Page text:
In this paper we assess the effectiveness of macroprudential policies in ensuring a sustainable contribution of the financial sector to economic growth. Our results sustain that macroprudential policies have beneficial effects on economic growth, expressed by the GDP per capita growth rate. Macroprudential policies, adopted to strengthen the resilience of the financial system and decrease the buildup of systemic risks, contribute to the economic growth by assuring a stable financial system, and, therefore, a healthier financial-macro relationship. Macroprudential policies that target financial institutions have greater impact on real economy compared with borrower-related macroprudential policies.
This paper investigates the impact of business models on bank performance during the period 2007-2008 among 156 banks from Central and Eastern European countries. The findings show that banks with higher capitalization perform better and present a lower probability of default. The orientation towards the traditional lending activities as well as a higher degree of income diversification boosts performance. Using a Difference-in-Difference framework we also highlight the importance of bank business strategies for bank performance across different bank characteristics (ownership, size) and macroeconomic conditions (financial crisis, EU membership status, regulatory framework.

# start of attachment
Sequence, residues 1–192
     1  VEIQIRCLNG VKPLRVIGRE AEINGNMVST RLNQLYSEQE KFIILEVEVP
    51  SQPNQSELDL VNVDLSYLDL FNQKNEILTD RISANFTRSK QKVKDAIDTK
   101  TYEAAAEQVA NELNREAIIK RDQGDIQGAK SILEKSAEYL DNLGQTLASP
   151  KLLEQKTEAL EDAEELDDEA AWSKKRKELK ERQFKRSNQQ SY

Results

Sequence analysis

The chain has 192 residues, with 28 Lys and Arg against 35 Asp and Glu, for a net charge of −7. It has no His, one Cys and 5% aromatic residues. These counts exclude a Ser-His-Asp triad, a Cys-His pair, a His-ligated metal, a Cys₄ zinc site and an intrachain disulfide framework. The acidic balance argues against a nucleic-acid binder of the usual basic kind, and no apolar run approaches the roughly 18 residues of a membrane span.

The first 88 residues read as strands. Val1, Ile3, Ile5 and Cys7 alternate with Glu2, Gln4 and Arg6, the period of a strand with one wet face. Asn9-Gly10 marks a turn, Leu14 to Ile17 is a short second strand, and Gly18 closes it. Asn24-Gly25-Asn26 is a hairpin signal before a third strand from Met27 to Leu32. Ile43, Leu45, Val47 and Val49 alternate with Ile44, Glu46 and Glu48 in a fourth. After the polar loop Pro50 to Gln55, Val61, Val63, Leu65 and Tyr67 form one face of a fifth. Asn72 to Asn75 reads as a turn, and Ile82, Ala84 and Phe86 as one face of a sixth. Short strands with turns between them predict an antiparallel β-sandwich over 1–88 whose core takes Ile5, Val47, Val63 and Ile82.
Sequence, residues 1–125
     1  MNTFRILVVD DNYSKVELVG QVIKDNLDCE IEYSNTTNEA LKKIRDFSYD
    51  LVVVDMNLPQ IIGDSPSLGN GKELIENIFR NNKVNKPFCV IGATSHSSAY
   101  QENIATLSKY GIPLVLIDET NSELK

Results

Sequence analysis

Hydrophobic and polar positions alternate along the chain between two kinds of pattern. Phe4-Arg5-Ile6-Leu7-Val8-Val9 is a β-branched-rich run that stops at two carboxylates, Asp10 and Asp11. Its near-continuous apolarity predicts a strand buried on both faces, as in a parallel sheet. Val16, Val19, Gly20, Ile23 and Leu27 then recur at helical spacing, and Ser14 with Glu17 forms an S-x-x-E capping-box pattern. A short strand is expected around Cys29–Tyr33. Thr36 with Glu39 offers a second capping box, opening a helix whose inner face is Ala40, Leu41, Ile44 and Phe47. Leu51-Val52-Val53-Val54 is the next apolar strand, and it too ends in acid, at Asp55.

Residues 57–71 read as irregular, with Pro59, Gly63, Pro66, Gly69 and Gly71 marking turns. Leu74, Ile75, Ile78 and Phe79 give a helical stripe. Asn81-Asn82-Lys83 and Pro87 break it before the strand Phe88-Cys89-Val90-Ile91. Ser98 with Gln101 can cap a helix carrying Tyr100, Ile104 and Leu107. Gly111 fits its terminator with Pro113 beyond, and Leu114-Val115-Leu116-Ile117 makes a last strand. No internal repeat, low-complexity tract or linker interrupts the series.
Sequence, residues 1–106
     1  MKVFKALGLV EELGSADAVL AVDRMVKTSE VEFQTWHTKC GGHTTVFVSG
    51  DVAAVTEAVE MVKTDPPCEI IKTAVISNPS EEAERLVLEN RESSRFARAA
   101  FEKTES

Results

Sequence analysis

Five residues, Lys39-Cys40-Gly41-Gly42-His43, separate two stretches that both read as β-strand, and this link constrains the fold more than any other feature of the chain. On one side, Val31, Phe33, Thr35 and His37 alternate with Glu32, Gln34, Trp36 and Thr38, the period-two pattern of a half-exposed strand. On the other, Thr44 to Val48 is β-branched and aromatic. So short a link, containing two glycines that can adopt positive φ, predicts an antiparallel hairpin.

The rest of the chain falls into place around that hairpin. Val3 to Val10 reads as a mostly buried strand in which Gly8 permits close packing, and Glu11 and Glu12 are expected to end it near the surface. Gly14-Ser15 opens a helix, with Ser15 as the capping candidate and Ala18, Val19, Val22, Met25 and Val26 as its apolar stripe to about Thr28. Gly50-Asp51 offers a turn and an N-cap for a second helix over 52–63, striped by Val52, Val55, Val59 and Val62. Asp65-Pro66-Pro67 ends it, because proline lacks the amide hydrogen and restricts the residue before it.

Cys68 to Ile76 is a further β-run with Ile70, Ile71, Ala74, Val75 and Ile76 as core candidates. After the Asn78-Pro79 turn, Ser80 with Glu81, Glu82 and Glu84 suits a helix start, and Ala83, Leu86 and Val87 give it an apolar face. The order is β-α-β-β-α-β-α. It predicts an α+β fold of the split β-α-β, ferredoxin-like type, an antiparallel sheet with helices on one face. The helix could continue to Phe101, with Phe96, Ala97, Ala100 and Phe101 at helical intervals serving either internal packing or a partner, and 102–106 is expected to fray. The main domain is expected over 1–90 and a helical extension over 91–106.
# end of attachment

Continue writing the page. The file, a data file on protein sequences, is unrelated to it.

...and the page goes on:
This paper examines the impact of monetary policy on bank risk-taking and the influence of the recent financial crisis on this relation. We use a dataset of 571 commercial banks from Eurozone and analyze the relation on the period from 1999 to 2011, with emphasize on the period 2008 to 2011. We use non-performing loans, loan loss provisions and Z-score as measures for bank risk-taking, while for monetary policy the proxies are short-term interest rates (computed using a Taylor rule) and long-term interest rates. We determine the relation between the two by taking into account some specific control variables and analyze it using an entity fixed-effects model and Generalized Method of Moments, alternatively. Empirical results point to a negative relation between interest rates and bank risk-taking. In addition to this, results show that the crisis has led to an additional negative impact on the relation between interest rates and bank risk-taking for the turmoil period 2008-2011.